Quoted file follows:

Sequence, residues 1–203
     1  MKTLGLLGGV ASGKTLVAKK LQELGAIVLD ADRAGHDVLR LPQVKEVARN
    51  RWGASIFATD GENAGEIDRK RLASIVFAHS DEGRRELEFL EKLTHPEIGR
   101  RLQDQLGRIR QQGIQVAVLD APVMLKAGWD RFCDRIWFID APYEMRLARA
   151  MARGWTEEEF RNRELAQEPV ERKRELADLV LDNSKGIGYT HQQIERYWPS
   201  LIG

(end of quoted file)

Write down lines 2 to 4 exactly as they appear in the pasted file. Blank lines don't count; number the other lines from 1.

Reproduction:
     1  MKTLGLLGGV ASGKTLVAKK LQELGAIVLD ADRAGHDVLR LPQVKEVARN
    51  RWGASIFATD GENAGEIDRK RLASIVFAHS DEGRRELEFL EKLTHPEIGR
   101  RLQDQLGRIR QQGIQVAVLD APVMLKAGWD RFCDRIWFID APYEMRLARA